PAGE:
Mount Kilimanjaro (19340’) (5895m) lies just 3 degrees south of the equator and is one of the highest volcanoes in the world. It rises some (15000’) (4572m) above the surrounding plains and savannahs. The Kilimanjaro National Park covers some 1864 sq. Km (720 sq. miles) The base of this immense mountain has diameter of 80 Km (48 Miles) and the outstanding features are its three major volcanic centers: Shira (4160m) in the west. Mawenzi (5280 m) to the east and the permanently snow-capped Kibo in the middle.

In climbing Mount Kilimanjaro Rongai route, the terrain passes from a tropical to an artic clime in just a few days. The encircling rain forest ensures the fertility of the lower lying shambas and is rich in birdlife. Above the rain forest lies the Alpine Meadow, beautiful moorland, offering many splendid views. Exotic plants such as the giant Lobelia and the fork-like Groundsel are to be seen. The latter blooming once every 50 – 70 years. Leaving the Alpine Meadow we reach the Alpine Desert and eventually the ‘’snows of Kilimanjaro’’.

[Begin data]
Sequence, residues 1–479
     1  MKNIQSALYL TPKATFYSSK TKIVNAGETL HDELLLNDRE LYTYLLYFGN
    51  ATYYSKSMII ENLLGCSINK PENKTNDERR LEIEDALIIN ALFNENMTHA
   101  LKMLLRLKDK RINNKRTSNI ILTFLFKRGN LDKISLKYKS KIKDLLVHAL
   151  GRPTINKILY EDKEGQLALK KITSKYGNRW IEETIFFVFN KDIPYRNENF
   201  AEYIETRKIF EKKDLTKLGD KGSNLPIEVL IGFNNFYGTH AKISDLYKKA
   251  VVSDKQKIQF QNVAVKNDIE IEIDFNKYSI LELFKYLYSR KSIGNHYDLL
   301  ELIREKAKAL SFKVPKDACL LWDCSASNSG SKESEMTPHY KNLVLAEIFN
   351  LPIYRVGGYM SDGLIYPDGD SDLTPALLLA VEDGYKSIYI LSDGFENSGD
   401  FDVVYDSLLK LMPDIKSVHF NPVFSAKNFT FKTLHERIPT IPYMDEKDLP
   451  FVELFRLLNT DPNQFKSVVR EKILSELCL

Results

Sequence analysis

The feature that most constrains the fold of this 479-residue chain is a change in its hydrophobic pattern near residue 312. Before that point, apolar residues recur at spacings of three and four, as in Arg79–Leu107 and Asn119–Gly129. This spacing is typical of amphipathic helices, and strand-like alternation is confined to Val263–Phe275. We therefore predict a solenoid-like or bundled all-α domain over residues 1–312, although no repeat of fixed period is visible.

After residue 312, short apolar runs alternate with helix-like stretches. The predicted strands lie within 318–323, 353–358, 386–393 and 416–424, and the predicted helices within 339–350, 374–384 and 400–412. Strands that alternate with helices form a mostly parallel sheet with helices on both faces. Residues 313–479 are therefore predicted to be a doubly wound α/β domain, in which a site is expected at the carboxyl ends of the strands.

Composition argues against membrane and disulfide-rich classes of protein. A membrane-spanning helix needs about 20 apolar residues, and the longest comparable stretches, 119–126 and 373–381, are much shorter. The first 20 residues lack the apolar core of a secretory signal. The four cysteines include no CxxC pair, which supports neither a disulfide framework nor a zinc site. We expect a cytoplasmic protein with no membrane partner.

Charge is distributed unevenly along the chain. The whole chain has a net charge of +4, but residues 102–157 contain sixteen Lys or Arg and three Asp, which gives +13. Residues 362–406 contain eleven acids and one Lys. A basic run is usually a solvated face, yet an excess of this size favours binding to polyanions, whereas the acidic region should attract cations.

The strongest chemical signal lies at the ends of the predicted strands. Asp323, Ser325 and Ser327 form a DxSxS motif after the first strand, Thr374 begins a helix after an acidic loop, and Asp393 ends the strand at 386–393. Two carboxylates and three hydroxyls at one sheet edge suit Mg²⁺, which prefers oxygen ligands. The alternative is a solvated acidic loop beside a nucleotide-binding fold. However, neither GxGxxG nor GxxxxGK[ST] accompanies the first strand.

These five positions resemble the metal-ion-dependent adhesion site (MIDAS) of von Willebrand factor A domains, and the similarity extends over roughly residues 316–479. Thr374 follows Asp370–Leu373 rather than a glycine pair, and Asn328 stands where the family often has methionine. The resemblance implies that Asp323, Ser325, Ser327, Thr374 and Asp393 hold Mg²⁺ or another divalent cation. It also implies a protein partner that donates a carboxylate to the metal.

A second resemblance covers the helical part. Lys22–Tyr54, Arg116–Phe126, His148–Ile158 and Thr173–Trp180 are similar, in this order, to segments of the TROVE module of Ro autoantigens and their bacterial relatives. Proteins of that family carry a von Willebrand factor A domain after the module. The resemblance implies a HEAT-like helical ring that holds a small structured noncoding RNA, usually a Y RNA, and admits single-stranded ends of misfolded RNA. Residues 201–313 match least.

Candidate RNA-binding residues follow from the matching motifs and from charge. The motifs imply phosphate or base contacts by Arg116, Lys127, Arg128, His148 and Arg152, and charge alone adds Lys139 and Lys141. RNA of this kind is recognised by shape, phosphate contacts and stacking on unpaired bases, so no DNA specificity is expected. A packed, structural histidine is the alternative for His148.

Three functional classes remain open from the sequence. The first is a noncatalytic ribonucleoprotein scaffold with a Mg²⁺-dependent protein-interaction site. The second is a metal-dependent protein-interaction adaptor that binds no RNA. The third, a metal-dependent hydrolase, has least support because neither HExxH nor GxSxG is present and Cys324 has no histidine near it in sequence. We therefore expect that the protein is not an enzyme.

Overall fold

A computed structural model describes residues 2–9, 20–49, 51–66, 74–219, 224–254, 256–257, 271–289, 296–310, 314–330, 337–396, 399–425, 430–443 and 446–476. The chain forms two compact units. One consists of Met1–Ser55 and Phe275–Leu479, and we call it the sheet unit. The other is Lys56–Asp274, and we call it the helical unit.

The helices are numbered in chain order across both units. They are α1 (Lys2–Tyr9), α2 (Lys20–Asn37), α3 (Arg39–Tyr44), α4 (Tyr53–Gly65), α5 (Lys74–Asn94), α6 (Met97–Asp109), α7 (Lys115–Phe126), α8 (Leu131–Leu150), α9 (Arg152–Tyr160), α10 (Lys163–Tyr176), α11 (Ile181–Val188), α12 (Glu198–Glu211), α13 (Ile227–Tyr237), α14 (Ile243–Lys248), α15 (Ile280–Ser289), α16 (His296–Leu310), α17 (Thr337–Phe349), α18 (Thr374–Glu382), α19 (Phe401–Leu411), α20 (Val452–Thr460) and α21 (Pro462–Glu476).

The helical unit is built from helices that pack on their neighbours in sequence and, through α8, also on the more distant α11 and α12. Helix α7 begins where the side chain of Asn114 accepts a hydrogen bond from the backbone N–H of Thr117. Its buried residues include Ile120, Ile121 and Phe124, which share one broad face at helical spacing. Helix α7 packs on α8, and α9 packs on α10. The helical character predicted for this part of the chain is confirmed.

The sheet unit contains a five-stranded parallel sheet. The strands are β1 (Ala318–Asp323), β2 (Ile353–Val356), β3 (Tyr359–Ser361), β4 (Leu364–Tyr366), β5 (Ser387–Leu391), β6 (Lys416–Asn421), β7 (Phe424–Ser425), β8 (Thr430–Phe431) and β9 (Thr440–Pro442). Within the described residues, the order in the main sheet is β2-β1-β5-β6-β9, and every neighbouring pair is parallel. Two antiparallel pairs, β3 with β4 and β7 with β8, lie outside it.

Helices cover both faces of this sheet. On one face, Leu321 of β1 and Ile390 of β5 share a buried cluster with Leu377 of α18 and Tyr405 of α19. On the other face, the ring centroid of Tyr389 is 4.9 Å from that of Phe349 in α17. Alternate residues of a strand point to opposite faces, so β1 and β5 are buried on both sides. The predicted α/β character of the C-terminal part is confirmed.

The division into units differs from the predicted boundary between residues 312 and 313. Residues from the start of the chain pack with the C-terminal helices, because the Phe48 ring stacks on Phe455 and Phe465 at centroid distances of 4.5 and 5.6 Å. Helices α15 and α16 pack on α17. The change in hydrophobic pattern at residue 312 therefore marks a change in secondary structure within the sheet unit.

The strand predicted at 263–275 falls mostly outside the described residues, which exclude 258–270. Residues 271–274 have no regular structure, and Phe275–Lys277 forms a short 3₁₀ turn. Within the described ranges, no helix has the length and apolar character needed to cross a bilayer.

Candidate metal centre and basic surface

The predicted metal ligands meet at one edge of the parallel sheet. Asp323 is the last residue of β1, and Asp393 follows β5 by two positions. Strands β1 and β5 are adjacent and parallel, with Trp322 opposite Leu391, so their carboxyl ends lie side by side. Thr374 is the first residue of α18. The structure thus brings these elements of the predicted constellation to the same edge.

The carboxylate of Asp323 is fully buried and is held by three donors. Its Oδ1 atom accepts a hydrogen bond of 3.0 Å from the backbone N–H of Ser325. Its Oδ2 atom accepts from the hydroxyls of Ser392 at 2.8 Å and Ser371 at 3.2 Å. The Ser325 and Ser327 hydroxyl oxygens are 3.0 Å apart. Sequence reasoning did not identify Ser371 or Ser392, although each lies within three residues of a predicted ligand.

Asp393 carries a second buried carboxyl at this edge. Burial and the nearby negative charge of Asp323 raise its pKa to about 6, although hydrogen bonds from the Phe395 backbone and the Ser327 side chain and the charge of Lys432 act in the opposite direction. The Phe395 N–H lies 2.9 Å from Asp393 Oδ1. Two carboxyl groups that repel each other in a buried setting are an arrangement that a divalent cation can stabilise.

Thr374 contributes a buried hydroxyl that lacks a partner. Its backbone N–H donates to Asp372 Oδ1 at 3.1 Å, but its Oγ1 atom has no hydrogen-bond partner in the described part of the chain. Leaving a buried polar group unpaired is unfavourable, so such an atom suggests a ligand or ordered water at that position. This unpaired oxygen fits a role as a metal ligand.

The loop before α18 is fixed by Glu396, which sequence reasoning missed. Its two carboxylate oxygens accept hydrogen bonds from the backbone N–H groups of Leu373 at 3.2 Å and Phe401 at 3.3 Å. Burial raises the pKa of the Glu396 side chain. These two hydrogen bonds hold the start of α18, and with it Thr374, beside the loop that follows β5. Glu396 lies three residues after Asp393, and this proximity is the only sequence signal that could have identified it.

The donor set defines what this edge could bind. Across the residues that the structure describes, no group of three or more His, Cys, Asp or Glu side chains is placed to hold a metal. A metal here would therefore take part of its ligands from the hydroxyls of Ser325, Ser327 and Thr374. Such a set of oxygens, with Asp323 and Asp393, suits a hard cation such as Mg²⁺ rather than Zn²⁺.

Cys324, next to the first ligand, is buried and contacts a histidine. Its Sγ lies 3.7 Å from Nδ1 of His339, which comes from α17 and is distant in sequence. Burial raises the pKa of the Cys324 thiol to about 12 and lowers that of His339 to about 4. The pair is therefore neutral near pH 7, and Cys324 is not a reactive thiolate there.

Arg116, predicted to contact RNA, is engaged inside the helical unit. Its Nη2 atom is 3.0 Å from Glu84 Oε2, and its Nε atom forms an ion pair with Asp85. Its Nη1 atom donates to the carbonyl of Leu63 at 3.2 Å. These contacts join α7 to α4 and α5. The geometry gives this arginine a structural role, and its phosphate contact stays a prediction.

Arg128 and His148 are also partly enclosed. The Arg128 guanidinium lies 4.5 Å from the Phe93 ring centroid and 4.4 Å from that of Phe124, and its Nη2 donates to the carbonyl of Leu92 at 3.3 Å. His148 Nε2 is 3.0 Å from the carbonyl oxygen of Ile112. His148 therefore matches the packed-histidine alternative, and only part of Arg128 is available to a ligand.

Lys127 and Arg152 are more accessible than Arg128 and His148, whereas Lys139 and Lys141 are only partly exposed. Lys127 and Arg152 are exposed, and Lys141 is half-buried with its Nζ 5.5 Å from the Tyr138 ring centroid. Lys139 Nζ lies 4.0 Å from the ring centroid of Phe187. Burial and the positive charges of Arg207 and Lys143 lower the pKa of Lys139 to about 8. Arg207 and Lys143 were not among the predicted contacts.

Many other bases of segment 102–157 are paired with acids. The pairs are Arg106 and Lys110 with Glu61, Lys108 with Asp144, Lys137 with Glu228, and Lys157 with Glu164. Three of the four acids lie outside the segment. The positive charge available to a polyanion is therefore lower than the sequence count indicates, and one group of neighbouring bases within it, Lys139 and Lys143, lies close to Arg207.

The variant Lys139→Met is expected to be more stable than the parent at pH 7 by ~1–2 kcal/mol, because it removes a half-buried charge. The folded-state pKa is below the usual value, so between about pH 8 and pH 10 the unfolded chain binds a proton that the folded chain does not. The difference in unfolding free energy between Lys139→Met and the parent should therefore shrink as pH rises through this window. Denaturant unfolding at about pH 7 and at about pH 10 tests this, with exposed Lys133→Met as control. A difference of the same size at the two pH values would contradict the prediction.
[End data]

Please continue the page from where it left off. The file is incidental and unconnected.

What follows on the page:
Due to Tanzania's proximity to the equator (between 1 and 11.45 degrees latitude south of the Equator and 29.20 and 40.35 degrees longitudes east), this region does not experience the extremes of winter and summer weather, but rather dry and wet seasons. The local Weather conditions on Kilimanjaro can be somewhat unpredictable to say the very least. Rainfall varies from 2100 mm per year in the rainforest belt to less than 120 mm per year in the summit zone. Similarly, daily temperature changes are unexpected when compared to normal weather cycles, and are largely dependent on Altitude.